Text: For those having a karmic affinity with Amitabha Buddha

COMMENTARY

For Whom

This text and the religious path it describes are "for those who have an affinity". This implies that they are not for everybody. For sure, everybody has a path and it is for each to find it. It is not for anyone to impose a path upon others. True religion is not a project to enslave the minds of other people; it is a humble undertaking. If the Buddha comes for me alone, that is sufficient. In fact, it might well turn out that people who think that they are following different paths are actually all following the same light seen through different windows - that might be true, humans are quite foolish enough to fight each other over imagined differences - but there is no need to worry too much about that. There are teachings sufficient available for everyone. That is something to rejoice about. If this text speaks to you, then attend to it.

The Sentiment of Affinity

This line can be taken at a simple level of sentiment or it can be understood in terms of the teaching. Both types of understanding are useful. At the level of sentiment, we know that sometimes things just feel right. We may not be able to wrap much logic around them, but we feel in our guts that something is for us and makes sense. We can imagine that this is because we have sown seeds in the past that are now ripening. A whole series of developments and occurrences have led us to this, to this discovery of the infinite grace of the Tathagata and it feels wonderful, like plunging into deep cool water on a hot day.

Pureland Buddhism is like that. We might have studied other schools or other religions, perhaps for many years, but then we find this and it clicks and it feels like a huge relief. Suddenly, we are accepted and do not need to struggle in a desperate futile way any more. So often religion makes one feel guilty. One starts from the position of not-good-enough and buys into a vague promise that salvation can be attained by dint of Hurculean work upon oneself. Yet, if Buddha is Buddha, then he already loves and cares for us just as we are. What a relief! If it strikes one this way, then one is probably one of those who have a karmic affinity to that Buddha. Stay with it. Rejoice. You have come home. Call his name as one would the name of a new found lover. This is the place for you.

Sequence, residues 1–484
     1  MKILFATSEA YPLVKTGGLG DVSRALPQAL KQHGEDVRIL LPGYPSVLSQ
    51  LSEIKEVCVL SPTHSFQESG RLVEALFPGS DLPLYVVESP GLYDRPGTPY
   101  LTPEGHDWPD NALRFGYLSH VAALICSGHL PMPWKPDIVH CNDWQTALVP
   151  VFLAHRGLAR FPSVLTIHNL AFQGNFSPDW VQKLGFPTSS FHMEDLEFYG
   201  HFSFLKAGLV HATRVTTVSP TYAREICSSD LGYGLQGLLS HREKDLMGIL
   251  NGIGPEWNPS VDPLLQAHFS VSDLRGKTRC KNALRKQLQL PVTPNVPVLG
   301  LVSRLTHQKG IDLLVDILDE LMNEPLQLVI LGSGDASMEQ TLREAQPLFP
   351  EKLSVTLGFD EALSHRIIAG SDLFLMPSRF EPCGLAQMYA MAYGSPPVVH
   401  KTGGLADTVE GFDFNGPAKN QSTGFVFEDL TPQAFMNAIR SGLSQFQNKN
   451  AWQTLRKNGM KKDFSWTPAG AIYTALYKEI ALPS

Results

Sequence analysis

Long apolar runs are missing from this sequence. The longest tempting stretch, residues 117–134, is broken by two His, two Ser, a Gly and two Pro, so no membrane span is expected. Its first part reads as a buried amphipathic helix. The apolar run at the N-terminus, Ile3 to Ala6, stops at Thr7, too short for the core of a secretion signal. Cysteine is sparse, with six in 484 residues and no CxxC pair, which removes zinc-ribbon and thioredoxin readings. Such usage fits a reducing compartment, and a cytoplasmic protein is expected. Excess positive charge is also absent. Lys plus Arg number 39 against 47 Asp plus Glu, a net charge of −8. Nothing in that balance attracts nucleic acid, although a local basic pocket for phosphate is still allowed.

Amitabha Buddha

Amitabha means measureless light. The meaning is that the light of Buddha is infinite, unbounded and knows no obstacle. It does not matter where you are, who you are, what conditions you are in, what you have or have not done in the past, whether you are popular or alone, whether you are good or bad, woman or man, old or young, this light is already embracing you. It is like the light of the moon. When walking about in the night one is relying upon the moonlight. One may go about one's business without ever thinking about the moon, yet one is using it. Then, one day, instead of always looking at one's own level or looking down, one may look up and see a great glory that one had not looked at before. To turn toward the Buddha is like that. It is not a clever idea, not a formula, not even being good and virtuous; it is a sudden awakening to an unsuspected glory that hasx been eternally there, helping one to move about in the dark.

In Japan, the name was shortened to Amida, which just means measureless. Measurement is such a big part of our lives. These days money has become a kind of universal measure. We can see how referring to everything in money terms is useful for practical purposes, but tends to have a deadening effect. How much is a life worth? How much for the beauty of a flower? Is time really money? Surely there is another way than this. Here in this world we have to take part, at least to some extent, in this ife of measurement, but if that is all there is then we shall have become robots, mechanisms, devoid of real life.